Is Richmond, VA, changing a lot?
Yes, I would say it is. The college is rapidly becoming a regular university, while it was originally known mainly for being an art school. Now it’s better known for its basketball team and its growing business school. It will always be a hub for culture, which will keep its music scene thriving. Rent keeps rising and people seem to be moving to more affordable neighborhoods,  opposed to leaving the city. More people interested in music seem to be moving here all the time, so I would just say the city is growing overall.

Why is Richmond a cool place for punks to live?
Cheap rent compared to many popular cities with big scenes, tons of shows, many different genre-based scenes with decent draws, affordable food, many vegan and vegetarian spots, and tons of art. It’s small enough to get anywhere on a bike or a five-minute car ride, and it’s surrounded by history and nature. It really has something for everyone, like a larger city, and still has the small town vibe (for better or worse).


Any good new bands in Richmond?
I dont know how “new” your readers will be looking for — haha! So I’ll just cover as much ground as possible: ASYLUM, CRETINS, BARGE, FIRING SQUAD, PRISONER, SLUGZ, MERCY KILLINGS, OCCULTIST, UNSACRED, CHERRY PITS, CHRISITI and KEVIES HEAVIES will make my list today. Sorry, I’m bad at remembering stuff, I’m sure I’ve left someone out who will be disappointed. It wasn’t on purpose!

What are your favorite releases you are currently selling?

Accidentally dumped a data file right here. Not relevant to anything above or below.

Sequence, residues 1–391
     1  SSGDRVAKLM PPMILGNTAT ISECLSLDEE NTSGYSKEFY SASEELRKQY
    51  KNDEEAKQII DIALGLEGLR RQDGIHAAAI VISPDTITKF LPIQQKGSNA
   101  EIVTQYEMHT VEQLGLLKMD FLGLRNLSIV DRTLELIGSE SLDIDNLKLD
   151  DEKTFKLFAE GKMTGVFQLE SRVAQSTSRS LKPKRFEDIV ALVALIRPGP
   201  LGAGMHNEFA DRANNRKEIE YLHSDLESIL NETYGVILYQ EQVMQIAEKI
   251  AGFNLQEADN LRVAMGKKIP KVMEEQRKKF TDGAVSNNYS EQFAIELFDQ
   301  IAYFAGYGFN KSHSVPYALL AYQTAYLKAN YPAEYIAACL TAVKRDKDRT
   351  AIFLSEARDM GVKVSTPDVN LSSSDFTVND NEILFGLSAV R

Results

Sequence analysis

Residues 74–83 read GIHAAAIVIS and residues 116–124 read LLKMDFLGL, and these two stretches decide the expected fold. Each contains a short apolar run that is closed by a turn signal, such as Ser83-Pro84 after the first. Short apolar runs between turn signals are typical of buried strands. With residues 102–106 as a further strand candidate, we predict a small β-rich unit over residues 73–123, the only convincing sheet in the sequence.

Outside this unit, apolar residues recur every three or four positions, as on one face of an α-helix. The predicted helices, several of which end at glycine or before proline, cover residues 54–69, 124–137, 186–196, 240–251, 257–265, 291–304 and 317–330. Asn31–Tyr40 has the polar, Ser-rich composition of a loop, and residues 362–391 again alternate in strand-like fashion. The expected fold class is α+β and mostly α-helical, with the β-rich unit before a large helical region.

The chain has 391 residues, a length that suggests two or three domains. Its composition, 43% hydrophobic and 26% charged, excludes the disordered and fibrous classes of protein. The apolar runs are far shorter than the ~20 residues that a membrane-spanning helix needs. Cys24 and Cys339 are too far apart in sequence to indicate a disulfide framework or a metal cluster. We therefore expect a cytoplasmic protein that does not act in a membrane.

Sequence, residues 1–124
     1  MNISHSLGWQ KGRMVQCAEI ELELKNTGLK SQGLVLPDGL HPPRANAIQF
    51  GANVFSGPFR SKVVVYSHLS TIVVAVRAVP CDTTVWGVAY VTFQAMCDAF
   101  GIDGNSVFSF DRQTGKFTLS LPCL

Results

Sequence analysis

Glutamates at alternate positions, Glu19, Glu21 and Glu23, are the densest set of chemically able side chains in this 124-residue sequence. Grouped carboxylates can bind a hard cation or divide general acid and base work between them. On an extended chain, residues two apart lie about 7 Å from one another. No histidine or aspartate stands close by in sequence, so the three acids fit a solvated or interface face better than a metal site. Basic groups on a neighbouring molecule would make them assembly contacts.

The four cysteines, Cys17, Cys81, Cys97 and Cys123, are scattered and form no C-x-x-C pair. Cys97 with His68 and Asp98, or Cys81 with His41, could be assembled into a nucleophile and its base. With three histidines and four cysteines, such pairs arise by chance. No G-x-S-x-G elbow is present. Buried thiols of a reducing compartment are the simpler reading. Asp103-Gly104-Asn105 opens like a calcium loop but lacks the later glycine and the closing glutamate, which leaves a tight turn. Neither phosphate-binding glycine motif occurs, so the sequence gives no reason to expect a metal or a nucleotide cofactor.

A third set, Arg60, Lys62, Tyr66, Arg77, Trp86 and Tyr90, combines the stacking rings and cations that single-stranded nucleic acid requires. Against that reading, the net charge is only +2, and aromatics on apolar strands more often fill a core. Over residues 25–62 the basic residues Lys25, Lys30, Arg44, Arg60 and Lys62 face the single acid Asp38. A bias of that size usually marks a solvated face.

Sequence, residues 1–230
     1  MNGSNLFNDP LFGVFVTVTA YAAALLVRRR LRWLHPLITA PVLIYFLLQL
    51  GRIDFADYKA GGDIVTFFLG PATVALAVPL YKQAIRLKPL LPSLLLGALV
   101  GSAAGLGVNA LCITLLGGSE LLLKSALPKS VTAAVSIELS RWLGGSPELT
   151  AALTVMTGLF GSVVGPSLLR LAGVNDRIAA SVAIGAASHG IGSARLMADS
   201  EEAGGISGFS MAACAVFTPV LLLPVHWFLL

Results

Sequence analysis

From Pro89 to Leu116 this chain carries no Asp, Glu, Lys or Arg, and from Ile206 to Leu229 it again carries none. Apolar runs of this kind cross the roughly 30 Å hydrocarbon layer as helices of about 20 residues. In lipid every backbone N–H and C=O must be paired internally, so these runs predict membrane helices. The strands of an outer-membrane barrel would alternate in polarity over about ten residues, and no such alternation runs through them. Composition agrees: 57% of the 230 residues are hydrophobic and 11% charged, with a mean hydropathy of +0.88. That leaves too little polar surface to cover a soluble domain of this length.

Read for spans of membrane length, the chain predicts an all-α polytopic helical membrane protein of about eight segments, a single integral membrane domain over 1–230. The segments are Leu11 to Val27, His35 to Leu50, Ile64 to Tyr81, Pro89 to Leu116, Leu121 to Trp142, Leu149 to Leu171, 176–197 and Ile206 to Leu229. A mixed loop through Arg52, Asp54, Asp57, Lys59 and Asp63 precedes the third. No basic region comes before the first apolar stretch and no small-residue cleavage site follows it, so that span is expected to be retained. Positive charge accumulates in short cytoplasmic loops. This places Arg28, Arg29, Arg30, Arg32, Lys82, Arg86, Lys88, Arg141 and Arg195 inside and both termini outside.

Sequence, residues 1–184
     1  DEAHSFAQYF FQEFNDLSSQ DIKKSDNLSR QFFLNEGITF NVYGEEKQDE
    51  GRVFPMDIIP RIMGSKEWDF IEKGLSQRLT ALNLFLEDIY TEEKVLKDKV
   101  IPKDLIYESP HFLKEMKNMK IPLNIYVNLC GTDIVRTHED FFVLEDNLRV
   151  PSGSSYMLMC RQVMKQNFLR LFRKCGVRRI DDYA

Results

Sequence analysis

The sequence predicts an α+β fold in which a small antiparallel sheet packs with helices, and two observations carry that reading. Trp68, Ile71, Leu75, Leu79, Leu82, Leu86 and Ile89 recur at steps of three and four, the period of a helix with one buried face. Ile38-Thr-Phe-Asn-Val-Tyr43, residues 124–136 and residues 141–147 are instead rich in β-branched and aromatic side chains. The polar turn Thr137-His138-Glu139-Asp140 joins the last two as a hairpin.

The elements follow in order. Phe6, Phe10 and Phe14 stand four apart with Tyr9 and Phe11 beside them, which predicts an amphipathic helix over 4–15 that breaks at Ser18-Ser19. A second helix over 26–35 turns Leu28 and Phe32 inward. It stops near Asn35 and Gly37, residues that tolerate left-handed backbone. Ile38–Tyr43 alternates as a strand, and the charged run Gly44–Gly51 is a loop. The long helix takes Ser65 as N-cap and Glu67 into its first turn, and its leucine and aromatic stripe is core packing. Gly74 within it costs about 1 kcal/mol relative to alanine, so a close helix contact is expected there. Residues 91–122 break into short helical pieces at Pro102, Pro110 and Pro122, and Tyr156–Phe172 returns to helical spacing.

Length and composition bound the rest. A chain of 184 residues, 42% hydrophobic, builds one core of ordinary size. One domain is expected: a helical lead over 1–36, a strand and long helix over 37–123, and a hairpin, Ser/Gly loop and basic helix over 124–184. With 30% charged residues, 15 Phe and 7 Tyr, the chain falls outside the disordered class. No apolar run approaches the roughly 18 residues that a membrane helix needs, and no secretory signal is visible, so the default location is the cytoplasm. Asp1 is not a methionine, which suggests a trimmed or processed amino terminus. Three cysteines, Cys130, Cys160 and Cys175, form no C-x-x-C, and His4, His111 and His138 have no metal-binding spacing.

SLUDGE Conduct LP is some Japanese punk intensity. S.H.I. (STRUGGLING HARSH IMMORTALS) — both 7″s, also Japanese, kinda like MINISTRY meets DISCHARGE? New BAD DOCTORS LP for some sick new wave in the vein of DEVO, NEW ORDER and so on. New ASYLUM 7″ out on the shop label! BREAK OUT True Crime 7″. Any weird comps I can turn someone on to…

S.H.I. is the best band! Yeah, MINISTRY-meets-DISCHARGE is good description! So, for all us record nerds, what is the craziest, rarest record to ever come into your store?
ANTIDOTE Thou Shalt Not Kill 7″, URBAN WASTE 7″, POISON IDEA Pick Your King 7″, NEGATIVE APPROACH 7″, RODRIGO D No Fururo LP, AFI All Hallows EP 7″. I always think it’s never gonna get crazier, and then something always turns up. Yo, bring us your stuff — we ain’t afraid!

Are you a record collector?
Absolutely. I started collecting at age 14. I have my hardcore punk collection, a massive DEVO collection, DC go-go collection. I also collect reggae and surf rock. I can’t stop in a record shop with out looking through most of the stock.

What record is top on your trade/wish list?
I wanna fill out my Dischord and Dangerhouse collections. Looking for the RUDIMENTARY PENI 7″s, BIG BOYS Frat Cars 7″, THE FACTION 7″s, MIDDLE CLASS Out of Vogue 7″, CAUSE FOR ALARM 7″ and an assortment of other stuff.

Any last words?
The best way to check out bands isn’t to look for blogs that haven’t been shut down yet — it’s by grabbing a stack of 7″s and taking them to the listening station.

Or by seeing bands live. I still believe punk should exist offline! So, how can we best stay up to date on Vinyl Conflict?
We are all over the interwebs:
Facebook: Vinyl Conflict Records
Instragram: Vinylconflict
Tumblr: vinylconflictrva

But the best way to stay up to date is to make a trip to the shop!